Full Sized 30 Year Bond Market(US--Pit, ZB--Electronic)
Interest rate futures were pioneered by the CBOT in 1975 in response to a growing market need for tools that could protect against sharp and frequent swings in the cost of money. U.S. Treasury bond market futures were first introduced, followed by futures on 10-year, 5-year, and 2-year U.S. Treasury notes. Over the past two decades, bond market contract volume has exploded, reflecting the growth of the underlying instruments and profound changes in the marketplace. If you focus primarily on the stock market, it is critical that you become familiar with the bond market. The bond market dwarfs the equity markets. Therefore it is important to know when money is flowing out of the bond market or into the bond market. The bond markets and the stock markets also have an interesting relationship. Sometimes, they move directly opposite, during periods of portfolio reallocation. This happens when huge funds have to sell stocks and buy bonds to readjust the percentage of capital invested in each. During these times, new highs in the bond market lead to new lows in the stock market, and thus bonds become a great leading indicator.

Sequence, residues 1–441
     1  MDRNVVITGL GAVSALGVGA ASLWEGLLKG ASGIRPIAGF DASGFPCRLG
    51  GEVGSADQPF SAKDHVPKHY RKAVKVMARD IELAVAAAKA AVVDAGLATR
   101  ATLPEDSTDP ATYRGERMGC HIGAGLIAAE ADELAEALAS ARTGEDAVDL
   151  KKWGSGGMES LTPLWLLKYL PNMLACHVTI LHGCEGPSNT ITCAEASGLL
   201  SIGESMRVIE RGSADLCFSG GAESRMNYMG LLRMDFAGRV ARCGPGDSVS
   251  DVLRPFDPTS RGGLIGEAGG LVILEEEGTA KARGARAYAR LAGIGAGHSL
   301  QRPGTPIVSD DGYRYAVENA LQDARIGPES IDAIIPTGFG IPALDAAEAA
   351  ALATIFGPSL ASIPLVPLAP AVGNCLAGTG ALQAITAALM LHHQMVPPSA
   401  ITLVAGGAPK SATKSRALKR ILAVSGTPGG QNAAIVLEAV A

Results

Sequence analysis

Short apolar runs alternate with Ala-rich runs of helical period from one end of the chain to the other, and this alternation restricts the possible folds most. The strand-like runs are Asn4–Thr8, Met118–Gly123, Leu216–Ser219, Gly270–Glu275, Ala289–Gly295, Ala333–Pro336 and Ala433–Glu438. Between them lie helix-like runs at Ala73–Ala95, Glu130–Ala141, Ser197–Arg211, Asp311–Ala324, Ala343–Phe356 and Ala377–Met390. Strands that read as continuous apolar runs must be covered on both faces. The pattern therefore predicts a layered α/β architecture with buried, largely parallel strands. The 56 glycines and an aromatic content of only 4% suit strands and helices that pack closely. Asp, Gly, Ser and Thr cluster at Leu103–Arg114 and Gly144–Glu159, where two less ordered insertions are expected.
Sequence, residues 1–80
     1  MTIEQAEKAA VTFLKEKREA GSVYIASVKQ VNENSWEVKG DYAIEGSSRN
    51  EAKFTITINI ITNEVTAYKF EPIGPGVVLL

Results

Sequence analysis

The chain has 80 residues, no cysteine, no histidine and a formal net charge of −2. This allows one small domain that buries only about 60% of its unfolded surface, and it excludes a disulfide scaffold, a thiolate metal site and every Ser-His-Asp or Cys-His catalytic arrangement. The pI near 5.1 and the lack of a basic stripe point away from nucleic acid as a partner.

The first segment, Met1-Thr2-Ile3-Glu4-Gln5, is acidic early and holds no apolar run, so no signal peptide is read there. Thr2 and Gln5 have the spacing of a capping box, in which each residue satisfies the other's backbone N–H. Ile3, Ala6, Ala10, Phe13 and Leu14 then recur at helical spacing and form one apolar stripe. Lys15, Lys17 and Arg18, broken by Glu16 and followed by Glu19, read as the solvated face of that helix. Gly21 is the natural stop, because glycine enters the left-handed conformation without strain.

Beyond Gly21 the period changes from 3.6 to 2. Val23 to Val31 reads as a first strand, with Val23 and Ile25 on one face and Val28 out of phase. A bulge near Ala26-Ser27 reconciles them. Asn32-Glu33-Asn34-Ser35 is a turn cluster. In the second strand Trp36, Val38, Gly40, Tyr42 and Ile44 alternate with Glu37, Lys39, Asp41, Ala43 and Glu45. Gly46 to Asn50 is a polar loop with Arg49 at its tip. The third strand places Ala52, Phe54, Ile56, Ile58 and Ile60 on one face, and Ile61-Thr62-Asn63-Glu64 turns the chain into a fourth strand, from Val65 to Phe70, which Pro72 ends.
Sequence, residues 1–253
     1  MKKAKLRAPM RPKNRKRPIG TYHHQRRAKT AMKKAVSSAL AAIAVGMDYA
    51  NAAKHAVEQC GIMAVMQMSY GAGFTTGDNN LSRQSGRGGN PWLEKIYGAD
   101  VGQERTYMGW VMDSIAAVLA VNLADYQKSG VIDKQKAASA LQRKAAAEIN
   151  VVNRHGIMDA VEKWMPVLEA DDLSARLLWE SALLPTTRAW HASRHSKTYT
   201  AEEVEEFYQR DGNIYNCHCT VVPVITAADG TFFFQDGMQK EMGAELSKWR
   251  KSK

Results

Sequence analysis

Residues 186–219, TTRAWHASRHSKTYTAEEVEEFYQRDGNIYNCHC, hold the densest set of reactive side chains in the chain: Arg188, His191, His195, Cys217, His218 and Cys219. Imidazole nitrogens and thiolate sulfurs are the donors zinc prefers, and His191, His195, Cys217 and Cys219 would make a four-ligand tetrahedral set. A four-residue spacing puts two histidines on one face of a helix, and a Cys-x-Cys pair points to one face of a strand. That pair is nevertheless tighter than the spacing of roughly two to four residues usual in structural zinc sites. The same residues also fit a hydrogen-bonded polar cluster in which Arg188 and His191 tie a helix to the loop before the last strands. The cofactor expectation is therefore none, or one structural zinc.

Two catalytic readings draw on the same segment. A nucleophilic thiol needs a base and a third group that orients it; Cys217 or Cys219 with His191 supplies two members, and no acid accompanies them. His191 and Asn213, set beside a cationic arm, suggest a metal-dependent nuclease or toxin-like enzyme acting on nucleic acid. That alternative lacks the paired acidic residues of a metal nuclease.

The pit bond market contract trades from 8:20 a.m. to 3:00 p.m., Monday through Friday. The electronic version trades until 5:00 p.m. and reopens 3 hours later at 8:00 p.m., Sunday through Thursday. I always trade the electronic version. The contract months are March (H), June (M), September (U) and December (Z). The bond market moves in increments of 1/32, called a tick, and are worth $31.25 per contract. 32/32 equals one full point, which is $1000.00 per contract. A trader needs around $2,000 in their account to be able to trade 1 bond market contract.
Quotes on Tradestation for 2005 contracts: USH05, USM05, USU05, USZ05. @US is the continuous symbol. Quotes on eSignal for 2005 contracts: ZB H5, ZB M5, ZB U5, ZB Z5. ZB #F is the continuous symbol.
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